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Taking the Paper Out of Newspaper

By November 2, 2015November 20th, 2015No Comments

Developments over the JACL National Board’s vote to end the printed edition of the Pacific Citizen have raised new questions surrounding the impact this change will have on existing JACL members and P.C. nonmember subscribers. Since the announcement, multiple changes and adjustments have been made to the P.C. Digital Plan. Below are some of them, along with pending questions and concerns.


JACL National President David Lin released a letter to the P.C. Editorial Board on Oct. 16 stating that the P.C. Digital Plan will now be extended by two months.

Lin expressed that the National Board will begin PDF distribution of the P.C. in late February or early March, as planned in his previous letter. However, the print edition will continue until late April or early May, just two months shy of the National Convention in July.

“By doing this, what we are essentially creating is a parallel environment where the electronic and printed editions will be distributed simultaneously for two months,” Lin wrote. This is to ensure that no disruptions will occur throughout the transition period.

The P.C. is unsure what the two-month buffer period will do as costs for printing and mailing will remain the same for the first quarter of 2016.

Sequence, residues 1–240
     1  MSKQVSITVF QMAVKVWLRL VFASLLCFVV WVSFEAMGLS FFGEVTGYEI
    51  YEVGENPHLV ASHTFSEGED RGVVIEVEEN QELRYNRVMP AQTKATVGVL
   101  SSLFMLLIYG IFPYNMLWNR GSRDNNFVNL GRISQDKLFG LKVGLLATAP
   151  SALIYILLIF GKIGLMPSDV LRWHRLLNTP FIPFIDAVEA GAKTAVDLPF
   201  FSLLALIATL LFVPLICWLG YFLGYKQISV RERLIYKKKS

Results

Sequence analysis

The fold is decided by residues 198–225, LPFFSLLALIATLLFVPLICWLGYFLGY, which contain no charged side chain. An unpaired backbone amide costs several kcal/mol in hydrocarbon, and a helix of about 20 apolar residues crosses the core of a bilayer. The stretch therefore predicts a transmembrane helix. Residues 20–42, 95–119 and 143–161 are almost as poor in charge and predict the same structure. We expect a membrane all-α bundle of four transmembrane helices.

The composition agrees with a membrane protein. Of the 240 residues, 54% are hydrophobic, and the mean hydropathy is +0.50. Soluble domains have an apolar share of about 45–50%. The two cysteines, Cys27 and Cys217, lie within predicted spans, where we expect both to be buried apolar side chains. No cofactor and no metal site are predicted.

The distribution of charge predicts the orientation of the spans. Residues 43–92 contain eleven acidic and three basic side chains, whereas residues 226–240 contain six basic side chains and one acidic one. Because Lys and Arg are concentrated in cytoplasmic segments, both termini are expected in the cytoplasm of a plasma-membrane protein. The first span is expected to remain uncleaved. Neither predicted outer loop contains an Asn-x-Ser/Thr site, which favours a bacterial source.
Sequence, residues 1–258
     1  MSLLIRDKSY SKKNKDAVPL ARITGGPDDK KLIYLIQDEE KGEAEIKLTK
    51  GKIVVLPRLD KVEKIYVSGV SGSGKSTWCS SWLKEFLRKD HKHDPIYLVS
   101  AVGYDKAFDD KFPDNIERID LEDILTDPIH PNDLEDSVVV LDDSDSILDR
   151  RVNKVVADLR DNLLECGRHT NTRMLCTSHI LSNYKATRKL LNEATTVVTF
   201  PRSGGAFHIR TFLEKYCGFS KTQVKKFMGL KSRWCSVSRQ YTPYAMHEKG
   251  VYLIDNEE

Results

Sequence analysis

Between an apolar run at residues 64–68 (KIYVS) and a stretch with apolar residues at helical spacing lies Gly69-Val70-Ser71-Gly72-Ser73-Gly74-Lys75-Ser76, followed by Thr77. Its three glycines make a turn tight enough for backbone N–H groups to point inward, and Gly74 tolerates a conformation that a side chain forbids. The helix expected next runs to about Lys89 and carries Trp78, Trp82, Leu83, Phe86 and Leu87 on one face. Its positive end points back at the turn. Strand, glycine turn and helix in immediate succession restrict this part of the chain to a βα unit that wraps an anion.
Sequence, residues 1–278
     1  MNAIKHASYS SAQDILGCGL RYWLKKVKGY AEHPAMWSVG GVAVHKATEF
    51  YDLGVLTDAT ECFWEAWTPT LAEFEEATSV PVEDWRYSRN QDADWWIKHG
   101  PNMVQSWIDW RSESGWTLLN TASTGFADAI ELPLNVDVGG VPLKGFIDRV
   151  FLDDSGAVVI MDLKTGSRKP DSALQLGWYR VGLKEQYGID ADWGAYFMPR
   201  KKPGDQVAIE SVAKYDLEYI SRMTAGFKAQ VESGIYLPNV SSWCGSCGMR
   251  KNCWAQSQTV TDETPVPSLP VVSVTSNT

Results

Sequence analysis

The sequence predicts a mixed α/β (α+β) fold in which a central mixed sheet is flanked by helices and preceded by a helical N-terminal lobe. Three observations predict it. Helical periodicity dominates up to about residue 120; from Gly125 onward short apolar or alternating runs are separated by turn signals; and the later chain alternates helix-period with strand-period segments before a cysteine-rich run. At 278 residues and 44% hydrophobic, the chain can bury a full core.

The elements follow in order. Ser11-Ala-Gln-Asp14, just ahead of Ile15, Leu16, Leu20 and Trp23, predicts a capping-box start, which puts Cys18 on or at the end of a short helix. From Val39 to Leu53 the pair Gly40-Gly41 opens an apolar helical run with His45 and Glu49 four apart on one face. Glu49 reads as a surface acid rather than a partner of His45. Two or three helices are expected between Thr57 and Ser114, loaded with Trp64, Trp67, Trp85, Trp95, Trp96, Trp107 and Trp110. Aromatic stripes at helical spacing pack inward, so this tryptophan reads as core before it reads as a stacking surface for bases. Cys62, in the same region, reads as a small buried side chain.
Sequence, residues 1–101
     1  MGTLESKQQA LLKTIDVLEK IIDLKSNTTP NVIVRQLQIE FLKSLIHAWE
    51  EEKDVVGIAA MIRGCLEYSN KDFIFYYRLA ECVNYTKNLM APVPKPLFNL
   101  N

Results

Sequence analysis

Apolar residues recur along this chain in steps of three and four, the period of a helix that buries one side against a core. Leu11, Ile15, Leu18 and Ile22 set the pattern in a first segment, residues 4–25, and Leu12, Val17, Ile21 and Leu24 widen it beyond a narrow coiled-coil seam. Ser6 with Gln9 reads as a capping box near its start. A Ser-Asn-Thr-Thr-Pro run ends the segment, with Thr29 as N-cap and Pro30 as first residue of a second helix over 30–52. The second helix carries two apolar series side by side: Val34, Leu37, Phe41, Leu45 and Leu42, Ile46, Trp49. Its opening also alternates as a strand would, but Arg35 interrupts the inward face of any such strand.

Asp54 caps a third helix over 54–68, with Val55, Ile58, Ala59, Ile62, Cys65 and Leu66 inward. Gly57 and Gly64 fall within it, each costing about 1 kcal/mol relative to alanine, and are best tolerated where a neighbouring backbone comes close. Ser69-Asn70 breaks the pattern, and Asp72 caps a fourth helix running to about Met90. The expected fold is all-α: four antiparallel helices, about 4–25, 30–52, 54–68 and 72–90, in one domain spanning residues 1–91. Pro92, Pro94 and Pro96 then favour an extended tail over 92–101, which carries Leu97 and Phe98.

Chapters are growing increasingly concerned about an incomplete delivery plan with more questions arising daily. In the Oct. 16 issue of the P.C., Lin’s letter outlined that individual chapters would take on the expenses and resources to print and deliver PDF copies to their members.

In a recent discussion between Lin and the P.C., the plan still doesn’t exist. There was mention that JACL National may cover the expense to print and mail issues to members who “need” a printed edition.

However, it is still unclear how JACL will determine which members “need” a printed edition should JACL National take on the expenses to print and mail paper copies. Will it be sent to only those who request a printed issue or will JACL members with no computer access or email receive a printed issue?

These questions remain unanswered, and no formal announcement from Lin has been made regarding JACL National’s responsibility.  Local chapters are worried and confused as to what the plan is, moving forward. Likewise, the P.C. is also unclear what instructions will be given come May 2016.


Letters and calls continue to reach the P.C. office from JACL members, asking to end their JACL membership once the paper goes to a digital PDF format.

Richard Nakamura from the Berkeley Chapter wrote in a response to the paperless P.C. survey that he “will cancel Berkeley Chapter Membership on March 2016” and that he “will not renew after being a member since 1966.”

Nakamura is one of many members that are sending in personal comments about the transition.

Should roughly between 10%-20% of JACL’s members cancel their membership in reaction to the digital transition, the organization will experience a greater financial deficit than cutting the printed paper entirely. This figure is an estimate based off current membership numbers.

“It’s difficult to explain to JACL members who have been with the organization for decades that we will no longer be providing this membership service to them,” says P.C. Executive Editor Allison Haramoto. “This paper has survived WWII, the years of incarceration and redress alongside JACL. To tell them that the printed run has expired is painful but also historical.”